These experts are the skilled artisans, the talented maestros of their crafts, individuals who had honed their skills to perfection; like the gifted Beyonce, whose magical voice could weave dreams into sound clouds. These experts were masters of their domains, constantly learning and evolving, always a step ahead, ready to adapt, innovate, and drive change. They had an in-depth understanding of their field, but they also had a wide-angled view of the landscape. They could anticipate changes, spot patterns, and connect the dots. They would learn from the past, adapt in the present, and prepare for the future, much like an eagle adjusting its flight to the shifting winds.

Indeed, anyone can instruct an AI to perform basic tasks with a simple command. But the nuances and subtleties of craftsmanship? The delicate, individualistic touches of the creative mind? These are the elements that set us apart.

Indeed, everyone can direct an AI to edit their photograph. Yet not everyone can specify the subtle tonal adjustments, the delicate interplay of shadows and highlights, or the masterful use of color theory to evoke a specific mood. Only the discerning eye of a seasoned photographer or visual artist can make such refined judgments.

While everyone can order an AI to create an illustration. But not everyone can guide it to deploy complex mathematical models like the bezier curve to craft intricate lines across the canvas, to create a three-dimensional sense of space in a two-dimensional frame. Only a skilled illustrator with a deep understanding of form and perspective can give such precise directions.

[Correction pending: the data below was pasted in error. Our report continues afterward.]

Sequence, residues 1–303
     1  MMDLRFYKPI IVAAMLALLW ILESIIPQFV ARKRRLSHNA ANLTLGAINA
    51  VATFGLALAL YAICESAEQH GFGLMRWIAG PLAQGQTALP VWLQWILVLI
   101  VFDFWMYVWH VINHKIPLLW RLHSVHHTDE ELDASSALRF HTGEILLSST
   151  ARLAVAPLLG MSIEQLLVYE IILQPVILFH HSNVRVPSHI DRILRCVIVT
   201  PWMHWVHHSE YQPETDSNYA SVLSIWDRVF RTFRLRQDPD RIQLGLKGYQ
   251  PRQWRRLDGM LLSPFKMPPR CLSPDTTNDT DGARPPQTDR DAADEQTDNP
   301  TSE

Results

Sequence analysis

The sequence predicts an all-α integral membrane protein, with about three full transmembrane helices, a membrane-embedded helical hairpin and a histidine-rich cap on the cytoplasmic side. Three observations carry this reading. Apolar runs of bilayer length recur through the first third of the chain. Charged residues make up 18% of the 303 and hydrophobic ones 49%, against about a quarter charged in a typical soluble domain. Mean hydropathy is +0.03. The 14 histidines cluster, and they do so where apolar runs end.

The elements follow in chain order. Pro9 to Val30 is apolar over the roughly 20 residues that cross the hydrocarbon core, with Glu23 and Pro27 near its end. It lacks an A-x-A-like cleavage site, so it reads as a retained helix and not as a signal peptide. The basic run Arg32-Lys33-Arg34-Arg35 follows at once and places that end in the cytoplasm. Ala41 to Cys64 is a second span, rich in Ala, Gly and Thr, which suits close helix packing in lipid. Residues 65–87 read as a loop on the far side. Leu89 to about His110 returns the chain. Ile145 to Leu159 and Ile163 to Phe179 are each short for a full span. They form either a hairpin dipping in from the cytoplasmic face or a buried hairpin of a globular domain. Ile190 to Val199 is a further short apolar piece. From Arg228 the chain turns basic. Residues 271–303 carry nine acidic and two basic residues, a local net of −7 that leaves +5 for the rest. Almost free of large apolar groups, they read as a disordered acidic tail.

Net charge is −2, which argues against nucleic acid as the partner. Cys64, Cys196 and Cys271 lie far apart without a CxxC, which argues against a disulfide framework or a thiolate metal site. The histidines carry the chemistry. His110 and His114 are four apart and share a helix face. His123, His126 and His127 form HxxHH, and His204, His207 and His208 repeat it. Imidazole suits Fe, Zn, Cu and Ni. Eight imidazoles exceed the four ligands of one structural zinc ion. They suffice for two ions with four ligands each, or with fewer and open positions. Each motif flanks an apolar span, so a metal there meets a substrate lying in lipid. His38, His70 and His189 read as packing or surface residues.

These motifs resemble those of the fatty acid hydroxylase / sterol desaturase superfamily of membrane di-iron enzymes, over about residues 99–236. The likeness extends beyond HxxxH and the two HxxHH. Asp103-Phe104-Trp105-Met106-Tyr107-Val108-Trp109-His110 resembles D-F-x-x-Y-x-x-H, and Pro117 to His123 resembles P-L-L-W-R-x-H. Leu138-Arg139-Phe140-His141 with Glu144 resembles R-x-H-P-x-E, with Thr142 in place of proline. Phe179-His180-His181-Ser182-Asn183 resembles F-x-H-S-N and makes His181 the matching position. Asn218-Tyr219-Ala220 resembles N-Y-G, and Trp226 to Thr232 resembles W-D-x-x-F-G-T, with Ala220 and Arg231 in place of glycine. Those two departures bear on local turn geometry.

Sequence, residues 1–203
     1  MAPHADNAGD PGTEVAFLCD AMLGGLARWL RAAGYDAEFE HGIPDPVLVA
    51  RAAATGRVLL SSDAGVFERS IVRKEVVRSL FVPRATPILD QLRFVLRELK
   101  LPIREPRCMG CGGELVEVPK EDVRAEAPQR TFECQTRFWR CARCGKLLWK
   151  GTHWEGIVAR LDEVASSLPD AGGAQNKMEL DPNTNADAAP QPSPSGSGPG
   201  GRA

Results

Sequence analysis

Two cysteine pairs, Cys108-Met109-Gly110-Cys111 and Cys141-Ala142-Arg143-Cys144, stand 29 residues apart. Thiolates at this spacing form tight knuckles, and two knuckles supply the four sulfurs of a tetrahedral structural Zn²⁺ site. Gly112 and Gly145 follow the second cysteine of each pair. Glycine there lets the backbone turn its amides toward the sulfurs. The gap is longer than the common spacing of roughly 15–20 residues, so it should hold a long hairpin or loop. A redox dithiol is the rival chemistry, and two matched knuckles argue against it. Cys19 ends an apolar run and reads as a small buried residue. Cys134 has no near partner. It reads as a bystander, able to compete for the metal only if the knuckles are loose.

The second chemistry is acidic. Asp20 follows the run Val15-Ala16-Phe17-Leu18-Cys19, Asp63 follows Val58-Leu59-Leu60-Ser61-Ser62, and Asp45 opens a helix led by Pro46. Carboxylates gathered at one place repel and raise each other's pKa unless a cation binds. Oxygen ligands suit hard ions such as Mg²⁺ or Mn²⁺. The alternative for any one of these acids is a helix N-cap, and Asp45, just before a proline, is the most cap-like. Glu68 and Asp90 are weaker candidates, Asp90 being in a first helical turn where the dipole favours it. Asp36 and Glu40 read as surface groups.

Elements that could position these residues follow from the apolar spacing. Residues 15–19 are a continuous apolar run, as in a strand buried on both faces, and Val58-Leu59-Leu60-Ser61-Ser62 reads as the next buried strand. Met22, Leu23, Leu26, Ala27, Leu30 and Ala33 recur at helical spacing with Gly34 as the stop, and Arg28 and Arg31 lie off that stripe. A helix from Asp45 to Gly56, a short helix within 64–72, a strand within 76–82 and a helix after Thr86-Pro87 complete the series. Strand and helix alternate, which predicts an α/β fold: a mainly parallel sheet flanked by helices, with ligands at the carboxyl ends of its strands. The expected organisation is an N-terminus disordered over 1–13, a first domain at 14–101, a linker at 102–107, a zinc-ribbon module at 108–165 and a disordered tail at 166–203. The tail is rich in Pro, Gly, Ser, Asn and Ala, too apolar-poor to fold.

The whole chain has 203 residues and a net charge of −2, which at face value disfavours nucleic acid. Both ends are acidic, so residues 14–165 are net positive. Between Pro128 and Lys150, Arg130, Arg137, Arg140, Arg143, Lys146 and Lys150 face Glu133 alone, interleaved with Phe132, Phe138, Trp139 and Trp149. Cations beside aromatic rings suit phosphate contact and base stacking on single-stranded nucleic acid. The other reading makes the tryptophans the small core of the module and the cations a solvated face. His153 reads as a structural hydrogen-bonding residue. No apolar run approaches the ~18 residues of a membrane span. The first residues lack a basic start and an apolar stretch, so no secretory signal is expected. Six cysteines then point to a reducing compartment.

While everyone can task an AI with writing code, not everyone can articulate the intricate structure of a class, the specific methods to be used, the correct values for constructors, and the expected inputs and outputs. It takes a seasoned programmer with a robust understanding of software architecture to successfully navigate such complexities.

While anyone can ask an AI to design a course curriculum or a learning thesis. But not everyone can instruct it on the exact implementation of pedagogical models like Bloom’s taxonomy or Kolb’s Experiential Learning Theory. It takes an experienced educator who comprehends the intricate connections between learning objectives, instructional methods, and assessment techniques to create a truly effective curriculum.

This list could go on and on.

These experts will 10-20 years from now, will remind this current generation of experts of how in their days, you didn’t have all these tools and you have to know these things by heart. These experts in a operation room can override an automated mechanism to take over a heart surgery and execute it by heart (“pun intended”) even when an AI fails. These experts will stay in high demand. They understand the underlying principles behind every instruction executed in natural language.

The Future is Human plus Machine

To thrive in this evolving world , one would need to become experts in their fields, combining their unique human skills with the advantages that AI provides. It was a journey of lifelong learning, innovation, and collaboration. An adventure for the future.

As the futurist Gerd Leonhard puts it

Embrace technology but don’t become it.” The future is not AI alone; it’s human and AI, working together in symphony.

Gerd Leonhard